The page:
Game, set and match … 50 versus 8

I watched H G Wells The Time Machine last night, I love the part where Rod Taylor sits in his Time Machine and watches as the fashion in the dress shop window changes, hemlines rising! It was one of the first grown up films I ever watched as a child and I remember being a wee bit scared of those weird creatures he meets towards the end.

It did make me think though, if I had a Time Machine, when would 50-year-old me go back to give myself advice? Would I like to warn myself of things that would happen that would change my life or shape my character?

time machine

When I went for my tennis lesson the other Sunday with Julie at Western Health and Racquets Club, I had one brief moment when I was not on the court but was outside my Mum and Dad’s house hitting a grubby old tennis ball against their wall. The racquet in my hand was an old wooden one, with very dodgy strings. I could feel the belief of the 8-year-old me, that I was superb tennis player, ready for my Centre Court début and to lift that famous trophy. Every stroke was a winner and instead of the ball chipping away at the rough cast on the wall, it was taking me further towards beating Chris Evert! I brought myself back to reality when I whacked myself on the shin with the modern-day light racquet I had borrowed. It was almost like the present was telling me that that was then this is now. Pay attention.

As children our dreams are big, to be the spaceman, to marry a superstar singer or our handsome prince, or perhaps we just want to hit ten shots in a row against  Chris Evert? Whatever our dreams were then, if I had the chance what would I go back and say to myself? Would I tell me that you will never marry Donny Osmond? That that hairbrush microphone will never be on Top of The Pops? That you will face heartache when much-loved family members pass away and that boy you really fancied at school really didn’t know you existed. So much of our lives is shaped by who we are and what we go through but, in my opinion, it is up to you whether you let that influence your attitudes and ‘destiny’.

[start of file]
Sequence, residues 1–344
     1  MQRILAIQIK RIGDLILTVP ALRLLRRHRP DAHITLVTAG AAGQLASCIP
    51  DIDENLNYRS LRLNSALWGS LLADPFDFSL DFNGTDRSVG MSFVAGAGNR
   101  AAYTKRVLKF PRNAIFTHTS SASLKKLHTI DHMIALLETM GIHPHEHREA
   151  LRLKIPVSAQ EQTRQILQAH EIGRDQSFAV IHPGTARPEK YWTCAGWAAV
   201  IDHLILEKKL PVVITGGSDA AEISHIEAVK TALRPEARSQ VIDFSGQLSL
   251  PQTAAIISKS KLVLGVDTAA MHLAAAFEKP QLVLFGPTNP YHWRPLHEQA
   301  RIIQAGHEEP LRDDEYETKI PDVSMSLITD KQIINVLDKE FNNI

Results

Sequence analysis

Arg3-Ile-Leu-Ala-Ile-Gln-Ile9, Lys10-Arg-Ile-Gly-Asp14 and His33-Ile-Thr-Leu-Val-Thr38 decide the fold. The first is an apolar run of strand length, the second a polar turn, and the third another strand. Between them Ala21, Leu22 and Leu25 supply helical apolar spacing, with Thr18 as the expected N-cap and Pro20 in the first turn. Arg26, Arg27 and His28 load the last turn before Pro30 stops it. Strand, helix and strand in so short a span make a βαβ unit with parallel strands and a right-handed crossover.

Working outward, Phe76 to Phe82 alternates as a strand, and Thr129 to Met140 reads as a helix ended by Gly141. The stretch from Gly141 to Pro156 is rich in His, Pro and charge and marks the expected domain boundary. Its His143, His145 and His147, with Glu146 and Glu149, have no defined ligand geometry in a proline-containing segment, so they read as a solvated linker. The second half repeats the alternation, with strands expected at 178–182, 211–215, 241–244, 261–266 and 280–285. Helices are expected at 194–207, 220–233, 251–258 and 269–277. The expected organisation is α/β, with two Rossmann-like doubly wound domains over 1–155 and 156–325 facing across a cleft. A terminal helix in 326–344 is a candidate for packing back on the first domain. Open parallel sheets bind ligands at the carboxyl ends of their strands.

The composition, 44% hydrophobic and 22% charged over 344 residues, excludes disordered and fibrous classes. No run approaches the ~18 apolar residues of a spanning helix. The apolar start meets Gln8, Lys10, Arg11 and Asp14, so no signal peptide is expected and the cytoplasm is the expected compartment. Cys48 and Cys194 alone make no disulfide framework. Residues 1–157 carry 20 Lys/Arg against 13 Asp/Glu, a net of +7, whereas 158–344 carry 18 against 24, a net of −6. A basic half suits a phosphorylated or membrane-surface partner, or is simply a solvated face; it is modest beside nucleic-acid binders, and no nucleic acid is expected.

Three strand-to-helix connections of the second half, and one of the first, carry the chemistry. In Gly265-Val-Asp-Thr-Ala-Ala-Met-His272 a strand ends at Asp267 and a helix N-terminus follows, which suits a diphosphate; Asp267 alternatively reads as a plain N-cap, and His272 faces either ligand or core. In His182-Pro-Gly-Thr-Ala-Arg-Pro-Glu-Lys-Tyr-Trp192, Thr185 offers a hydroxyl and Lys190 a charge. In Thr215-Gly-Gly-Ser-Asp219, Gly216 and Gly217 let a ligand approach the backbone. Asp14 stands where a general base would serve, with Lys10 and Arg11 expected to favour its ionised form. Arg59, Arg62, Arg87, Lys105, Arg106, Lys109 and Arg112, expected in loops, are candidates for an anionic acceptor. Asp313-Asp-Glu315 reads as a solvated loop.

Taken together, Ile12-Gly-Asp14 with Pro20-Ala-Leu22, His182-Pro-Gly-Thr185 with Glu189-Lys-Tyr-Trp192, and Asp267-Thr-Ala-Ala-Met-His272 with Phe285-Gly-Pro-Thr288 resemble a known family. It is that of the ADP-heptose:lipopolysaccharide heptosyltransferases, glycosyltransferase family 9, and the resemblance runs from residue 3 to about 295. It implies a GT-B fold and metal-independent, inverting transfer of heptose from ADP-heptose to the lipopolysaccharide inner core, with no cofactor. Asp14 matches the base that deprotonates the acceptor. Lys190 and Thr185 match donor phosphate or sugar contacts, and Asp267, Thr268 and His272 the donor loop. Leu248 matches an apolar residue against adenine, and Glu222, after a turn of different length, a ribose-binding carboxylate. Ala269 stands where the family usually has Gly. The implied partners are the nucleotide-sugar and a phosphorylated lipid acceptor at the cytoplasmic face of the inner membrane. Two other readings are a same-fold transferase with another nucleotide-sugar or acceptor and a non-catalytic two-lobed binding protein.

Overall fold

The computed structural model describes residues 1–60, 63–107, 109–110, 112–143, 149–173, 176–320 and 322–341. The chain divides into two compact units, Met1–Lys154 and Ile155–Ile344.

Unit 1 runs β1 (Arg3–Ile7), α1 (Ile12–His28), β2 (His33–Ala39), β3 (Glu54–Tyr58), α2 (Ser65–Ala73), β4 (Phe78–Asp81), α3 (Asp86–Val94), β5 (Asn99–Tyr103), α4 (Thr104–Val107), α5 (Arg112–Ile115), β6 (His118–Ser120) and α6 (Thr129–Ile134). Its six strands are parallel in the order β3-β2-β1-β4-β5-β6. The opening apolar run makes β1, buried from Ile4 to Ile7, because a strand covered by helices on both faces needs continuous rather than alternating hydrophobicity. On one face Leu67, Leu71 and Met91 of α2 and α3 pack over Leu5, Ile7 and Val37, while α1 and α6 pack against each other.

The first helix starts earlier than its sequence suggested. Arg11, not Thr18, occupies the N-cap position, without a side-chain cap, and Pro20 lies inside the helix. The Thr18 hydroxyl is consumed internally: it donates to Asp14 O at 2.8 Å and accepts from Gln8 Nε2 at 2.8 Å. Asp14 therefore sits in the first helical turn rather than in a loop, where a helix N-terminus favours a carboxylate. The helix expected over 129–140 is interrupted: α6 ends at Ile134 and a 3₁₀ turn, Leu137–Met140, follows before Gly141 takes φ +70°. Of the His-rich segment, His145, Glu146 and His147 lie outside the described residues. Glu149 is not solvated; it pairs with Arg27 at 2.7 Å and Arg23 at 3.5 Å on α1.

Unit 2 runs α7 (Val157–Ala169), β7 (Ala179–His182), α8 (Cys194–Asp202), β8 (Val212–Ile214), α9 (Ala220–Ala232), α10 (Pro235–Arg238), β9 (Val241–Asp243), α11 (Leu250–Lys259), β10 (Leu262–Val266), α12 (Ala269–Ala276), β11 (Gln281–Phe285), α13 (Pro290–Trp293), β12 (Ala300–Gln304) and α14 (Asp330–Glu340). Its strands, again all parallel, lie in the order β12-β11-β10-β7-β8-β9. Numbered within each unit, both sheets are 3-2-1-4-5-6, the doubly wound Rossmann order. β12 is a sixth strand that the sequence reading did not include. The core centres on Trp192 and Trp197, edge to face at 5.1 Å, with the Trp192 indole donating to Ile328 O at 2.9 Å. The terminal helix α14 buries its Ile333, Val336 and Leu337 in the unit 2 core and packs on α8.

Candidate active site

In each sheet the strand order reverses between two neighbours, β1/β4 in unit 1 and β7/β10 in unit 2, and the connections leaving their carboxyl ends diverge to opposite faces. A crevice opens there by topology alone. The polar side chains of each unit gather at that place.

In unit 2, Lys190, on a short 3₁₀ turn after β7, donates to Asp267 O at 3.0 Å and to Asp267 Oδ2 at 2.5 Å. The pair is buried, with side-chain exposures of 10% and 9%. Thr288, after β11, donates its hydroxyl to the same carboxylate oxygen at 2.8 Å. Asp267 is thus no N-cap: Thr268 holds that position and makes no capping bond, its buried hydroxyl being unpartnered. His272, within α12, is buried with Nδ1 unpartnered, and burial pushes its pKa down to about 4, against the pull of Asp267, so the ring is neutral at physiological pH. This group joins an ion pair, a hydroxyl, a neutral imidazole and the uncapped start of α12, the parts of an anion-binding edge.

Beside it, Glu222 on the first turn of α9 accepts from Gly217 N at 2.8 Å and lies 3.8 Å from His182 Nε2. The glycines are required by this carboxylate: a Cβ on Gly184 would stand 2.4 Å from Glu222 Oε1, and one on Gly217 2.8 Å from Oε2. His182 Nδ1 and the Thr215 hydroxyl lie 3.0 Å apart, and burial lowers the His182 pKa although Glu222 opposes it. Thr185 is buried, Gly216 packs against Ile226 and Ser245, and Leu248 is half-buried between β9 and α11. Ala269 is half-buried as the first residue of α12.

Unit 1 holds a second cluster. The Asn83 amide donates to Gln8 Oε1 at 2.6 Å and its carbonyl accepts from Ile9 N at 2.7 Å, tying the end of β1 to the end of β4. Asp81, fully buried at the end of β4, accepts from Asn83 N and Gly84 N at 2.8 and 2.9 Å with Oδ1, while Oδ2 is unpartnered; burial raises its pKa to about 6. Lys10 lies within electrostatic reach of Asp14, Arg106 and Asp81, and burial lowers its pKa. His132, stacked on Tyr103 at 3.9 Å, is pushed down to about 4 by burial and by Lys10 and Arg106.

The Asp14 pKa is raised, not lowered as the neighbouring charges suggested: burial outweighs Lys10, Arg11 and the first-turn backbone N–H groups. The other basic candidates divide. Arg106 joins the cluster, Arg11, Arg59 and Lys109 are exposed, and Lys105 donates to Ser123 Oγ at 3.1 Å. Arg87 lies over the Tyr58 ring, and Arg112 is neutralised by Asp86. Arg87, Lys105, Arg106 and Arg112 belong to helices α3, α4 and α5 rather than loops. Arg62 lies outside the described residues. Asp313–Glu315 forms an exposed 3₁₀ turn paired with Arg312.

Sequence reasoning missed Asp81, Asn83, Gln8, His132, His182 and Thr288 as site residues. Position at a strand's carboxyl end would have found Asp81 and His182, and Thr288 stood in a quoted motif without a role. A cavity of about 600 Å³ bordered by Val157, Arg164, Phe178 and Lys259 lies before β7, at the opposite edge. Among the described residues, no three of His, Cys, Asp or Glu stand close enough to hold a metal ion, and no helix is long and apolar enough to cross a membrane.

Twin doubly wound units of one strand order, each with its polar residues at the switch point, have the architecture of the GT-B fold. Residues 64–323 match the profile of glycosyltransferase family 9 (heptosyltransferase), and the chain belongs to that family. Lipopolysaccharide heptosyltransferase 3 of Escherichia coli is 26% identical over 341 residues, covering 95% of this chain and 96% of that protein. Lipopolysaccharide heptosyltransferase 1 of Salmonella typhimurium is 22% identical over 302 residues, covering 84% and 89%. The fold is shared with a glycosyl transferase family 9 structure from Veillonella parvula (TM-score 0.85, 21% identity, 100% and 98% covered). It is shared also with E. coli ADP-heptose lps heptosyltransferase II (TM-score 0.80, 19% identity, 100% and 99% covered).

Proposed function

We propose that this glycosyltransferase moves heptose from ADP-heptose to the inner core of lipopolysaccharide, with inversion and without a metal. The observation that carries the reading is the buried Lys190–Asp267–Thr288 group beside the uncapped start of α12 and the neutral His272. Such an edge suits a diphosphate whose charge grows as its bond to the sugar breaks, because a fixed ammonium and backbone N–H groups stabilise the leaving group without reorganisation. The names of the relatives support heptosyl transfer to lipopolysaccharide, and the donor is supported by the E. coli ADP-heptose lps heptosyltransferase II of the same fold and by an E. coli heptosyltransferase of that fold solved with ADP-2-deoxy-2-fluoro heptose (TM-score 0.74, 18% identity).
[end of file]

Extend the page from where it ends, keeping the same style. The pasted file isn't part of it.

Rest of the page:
When I look back on my 50th birthday week, there are many moments I would love to go back to, to relive and perhaps not blub as much. It all passes by so quickly that ever single moment is precious, particularly the five or so hours spent at the party with my amazing family and friends around me. That is time gone, memories created and images set in my mind that will forever make me smile and, I have to say make me feel sad when I think of those I miss so much it aches. But would I go back to 12th June and tell myself to do things differently, no I would not.

As a child we dream, as an adult we still dream. Perhaps it is no longer Donny Osmond, perhaps it is now Clooney, Renner or Bradley Cooper! Or perhaps as an adult I realise that whacking that ball against the wall was me starting to build my future, 8-year-old me starting have ambitions in life, starting to develop the wish and the belief that inside me there is a confidence to realise that I may never beat Chris Evert but I can have a hell of a lot of fun trying. And with my friends and family as my team on the sidelines, the support and applause is not two seagulls sitting on the roof but is genuine and real and I saw that for myself as I looked round my Centre Court début at my 50th party.

So 8-year-old Geraldine, never stop hitting that ball, never stop believing that one day your Centre Court will happen because it will, it might be in a fabulous long blue dress instead of a tennis skirt but it will happen and you will see the faces of those who made the effort to be there to support you staring back at you from the beautifully decorated tables at your 50th party while  you make your victory ‘speech’.

Game, set and match to me …

G x

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